The Ultimate Small Business Startup Guide – Introduction

This is an introduction to a 7 part guide on how to start your own small business.

It’s hard enough as it is to start your own business. Not only do you have to come up with a profitable idea and execute but you also have to worry about government regulations and other matters in order to make your venture official and legal.

For my wife and I, getting past all of the red tape and paper work was extremely frustrating and confusing at the same time. It’s unfortunate, but most of the information required to start your own business is not centralized in any way. The federal government requires several forms to be filled out, your state government has some more forms to fill out and finally your city usually requires some amount of paperwork as well. The main problem is that each of these institutions don’t have any knowledge about what needs to be done outside of their own jurisdiction.

For example, if you ask your local state office about what federal forms and regulations are required, they’ll simply point you to IRS.gov. Likewise, if you check online with the federal government, they won’t have a clue about your state regulations. Compiling all of the necessary information and forms can be daunting which is why I’ve decided to document our experiences in making our business a legal entity.

This guide will attempt to summarize all of our thoughts and decision making processes through the course of creating our business. However please note that I’m not a tax or legal expert. All advice described in the following series of articles are based on my own research and are not guaranteed to be completely accurate. Rules change all of the time and you should check up on everything I have to say below.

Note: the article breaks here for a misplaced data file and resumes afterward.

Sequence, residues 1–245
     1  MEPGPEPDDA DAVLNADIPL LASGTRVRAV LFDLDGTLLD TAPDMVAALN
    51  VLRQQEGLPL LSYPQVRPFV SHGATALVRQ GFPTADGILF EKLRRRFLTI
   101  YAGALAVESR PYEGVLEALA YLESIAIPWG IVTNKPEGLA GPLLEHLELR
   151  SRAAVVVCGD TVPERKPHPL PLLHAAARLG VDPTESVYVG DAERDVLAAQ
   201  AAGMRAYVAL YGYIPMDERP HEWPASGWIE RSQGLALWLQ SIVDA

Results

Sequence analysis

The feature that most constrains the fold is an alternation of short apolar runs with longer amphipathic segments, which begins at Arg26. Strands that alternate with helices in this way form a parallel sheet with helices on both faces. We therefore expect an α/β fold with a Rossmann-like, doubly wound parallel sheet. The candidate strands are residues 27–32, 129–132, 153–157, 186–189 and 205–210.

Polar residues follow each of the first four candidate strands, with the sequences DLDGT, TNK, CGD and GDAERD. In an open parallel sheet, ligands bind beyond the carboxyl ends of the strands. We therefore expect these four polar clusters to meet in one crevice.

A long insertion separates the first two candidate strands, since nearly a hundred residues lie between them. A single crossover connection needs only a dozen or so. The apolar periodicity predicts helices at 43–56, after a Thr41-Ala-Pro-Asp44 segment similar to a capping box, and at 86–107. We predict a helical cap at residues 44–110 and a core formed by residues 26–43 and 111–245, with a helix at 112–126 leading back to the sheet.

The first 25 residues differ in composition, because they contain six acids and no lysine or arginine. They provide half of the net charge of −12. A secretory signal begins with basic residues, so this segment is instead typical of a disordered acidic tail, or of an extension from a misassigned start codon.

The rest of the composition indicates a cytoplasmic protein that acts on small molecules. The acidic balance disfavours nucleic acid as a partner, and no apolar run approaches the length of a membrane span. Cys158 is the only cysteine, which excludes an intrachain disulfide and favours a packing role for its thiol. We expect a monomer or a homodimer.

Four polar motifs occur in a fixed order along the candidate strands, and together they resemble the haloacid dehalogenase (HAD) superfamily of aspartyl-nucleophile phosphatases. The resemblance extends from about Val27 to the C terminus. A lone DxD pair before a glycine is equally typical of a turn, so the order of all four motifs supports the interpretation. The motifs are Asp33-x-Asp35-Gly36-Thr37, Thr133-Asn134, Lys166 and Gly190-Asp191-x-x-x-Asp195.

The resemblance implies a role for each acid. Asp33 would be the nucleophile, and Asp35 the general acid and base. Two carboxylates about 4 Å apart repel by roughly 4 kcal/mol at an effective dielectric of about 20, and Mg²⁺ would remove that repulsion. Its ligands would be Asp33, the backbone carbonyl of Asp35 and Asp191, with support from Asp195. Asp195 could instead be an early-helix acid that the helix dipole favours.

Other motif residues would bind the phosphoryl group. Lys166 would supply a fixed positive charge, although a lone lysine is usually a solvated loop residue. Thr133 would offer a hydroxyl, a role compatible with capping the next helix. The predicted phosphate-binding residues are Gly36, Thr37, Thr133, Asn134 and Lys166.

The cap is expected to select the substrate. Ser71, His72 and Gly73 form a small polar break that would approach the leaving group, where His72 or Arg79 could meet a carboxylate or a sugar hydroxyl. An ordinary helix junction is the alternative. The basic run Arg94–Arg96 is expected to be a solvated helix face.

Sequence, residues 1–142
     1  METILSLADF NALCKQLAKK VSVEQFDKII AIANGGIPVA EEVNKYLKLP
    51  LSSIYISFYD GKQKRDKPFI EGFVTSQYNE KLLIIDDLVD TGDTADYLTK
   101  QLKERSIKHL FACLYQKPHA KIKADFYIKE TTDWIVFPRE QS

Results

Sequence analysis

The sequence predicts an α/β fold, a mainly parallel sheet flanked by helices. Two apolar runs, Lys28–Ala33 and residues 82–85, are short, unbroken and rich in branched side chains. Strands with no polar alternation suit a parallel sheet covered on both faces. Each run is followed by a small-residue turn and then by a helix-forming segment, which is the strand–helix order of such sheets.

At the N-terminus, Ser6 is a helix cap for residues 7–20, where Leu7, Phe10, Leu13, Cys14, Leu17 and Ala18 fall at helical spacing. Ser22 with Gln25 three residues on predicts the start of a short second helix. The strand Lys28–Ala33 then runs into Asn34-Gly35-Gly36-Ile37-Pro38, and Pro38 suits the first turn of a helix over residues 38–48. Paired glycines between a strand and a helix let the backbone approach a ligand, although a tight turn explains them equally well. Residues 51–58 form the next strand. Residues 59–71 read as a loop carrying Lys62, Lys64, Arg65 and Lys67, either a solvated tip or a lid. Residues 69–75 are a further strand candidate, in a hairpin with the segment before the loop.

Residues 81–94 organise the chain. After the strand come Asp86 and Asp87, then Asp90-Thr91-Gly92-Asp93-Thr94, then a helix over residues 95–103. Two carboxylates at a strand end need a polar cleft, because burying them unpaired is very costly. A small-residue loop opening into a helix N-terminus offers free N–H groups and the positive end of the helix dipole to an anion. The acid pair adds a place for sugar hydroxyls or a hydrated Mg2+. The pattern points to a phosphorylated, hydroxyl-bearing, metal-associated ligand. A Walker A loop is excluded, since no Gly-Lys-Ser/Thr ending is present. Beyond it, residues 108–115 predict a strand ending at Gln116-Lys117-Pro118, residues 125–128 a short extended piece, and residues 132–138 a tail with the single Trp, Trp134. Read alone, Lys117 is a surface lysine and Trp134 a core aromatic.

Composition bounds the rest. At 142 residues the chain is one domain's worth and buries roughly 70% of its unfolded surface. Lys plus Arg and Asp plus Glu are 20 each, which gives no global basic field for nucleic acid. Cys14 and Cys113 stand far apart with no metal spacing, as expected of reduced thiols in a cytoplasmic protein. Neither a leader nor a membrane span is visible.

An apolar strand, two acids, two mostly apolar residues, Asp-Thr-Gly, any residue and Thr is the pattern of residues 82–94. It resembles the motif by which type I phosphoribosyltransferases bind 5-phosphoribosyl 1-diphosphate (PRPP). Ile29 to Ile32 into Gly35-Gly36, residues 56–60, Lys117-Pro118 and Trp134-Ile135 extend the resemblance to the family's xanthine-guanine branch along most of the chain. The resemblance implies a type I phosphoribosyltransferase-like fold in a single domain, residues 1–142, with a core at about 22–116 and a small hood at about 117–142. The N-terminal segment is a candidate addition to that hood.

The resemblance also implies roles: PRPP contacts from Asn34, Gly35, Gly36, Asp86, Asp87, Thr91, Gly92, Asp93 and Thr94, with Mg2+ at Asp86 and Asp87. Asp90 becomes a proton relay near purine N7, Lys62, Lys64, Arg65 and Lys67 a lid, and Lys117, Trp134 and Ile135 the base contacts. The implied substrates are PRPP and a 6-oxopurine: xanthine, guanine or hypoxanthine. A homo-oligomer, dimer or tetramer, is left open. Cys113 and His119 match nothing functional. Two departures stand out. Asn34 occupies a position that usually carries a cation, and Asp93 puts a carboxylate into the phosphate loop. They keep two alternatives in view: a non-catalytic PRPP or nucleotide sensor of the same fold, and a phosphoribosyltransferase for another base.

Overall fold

Do I Need To Go Legit?

One of the most common questions I get is whether a business really needs to go legit if it doesn’t have much sales. I can’t really answer that question for you but I can tell you my philosophy on the topic. In general, I think any viable or legitimate business should bite the bullet and complete all of the necessary paperwork to become legal. Especially if you accept credit cards, your business can easily be exposed. If the government finds out, you could become subject to fines and penalties or your business could be shut down. If you don’t pay taxes on your earnings, the IRS can track you down and impose criminal charges and even jail time.

However if you are just a hobby business or occasionally sell junk out of your garage on Ebay, you can probably get away with it. But even so, you should keep in mind that there are many tax benefits in making your business official. For example, you can write off business expenses and even reduce your own personal taxes if your business takes a loss. In the end, it’s up to you whether you want to take the risk of getting caught. Once you are in the government system, you open yourself up to the wonderful world of forms, rules and regulations. Don’t worry though, I’ll try to walk you through it. At the bare minimum, I will cover what I’ve gone through with our business.

What’s Covered In This Guide?

I’m going to be covering the basics of becoming a legit business and why we made the decisions we did in turning our business into an LLC. Specifically, I’m going to write about…

  • Deciding on a corporate structure – You might think that you can get away with being just a sole proprietorship but there are many things to consider depending on the nature of your business.
  • Trademarks – Choosing your own unique domain name and making sure that your business name is not already taken is an extremely important step when starting your own venture. I’ll go over some of the legal requirements and pitfalls involved.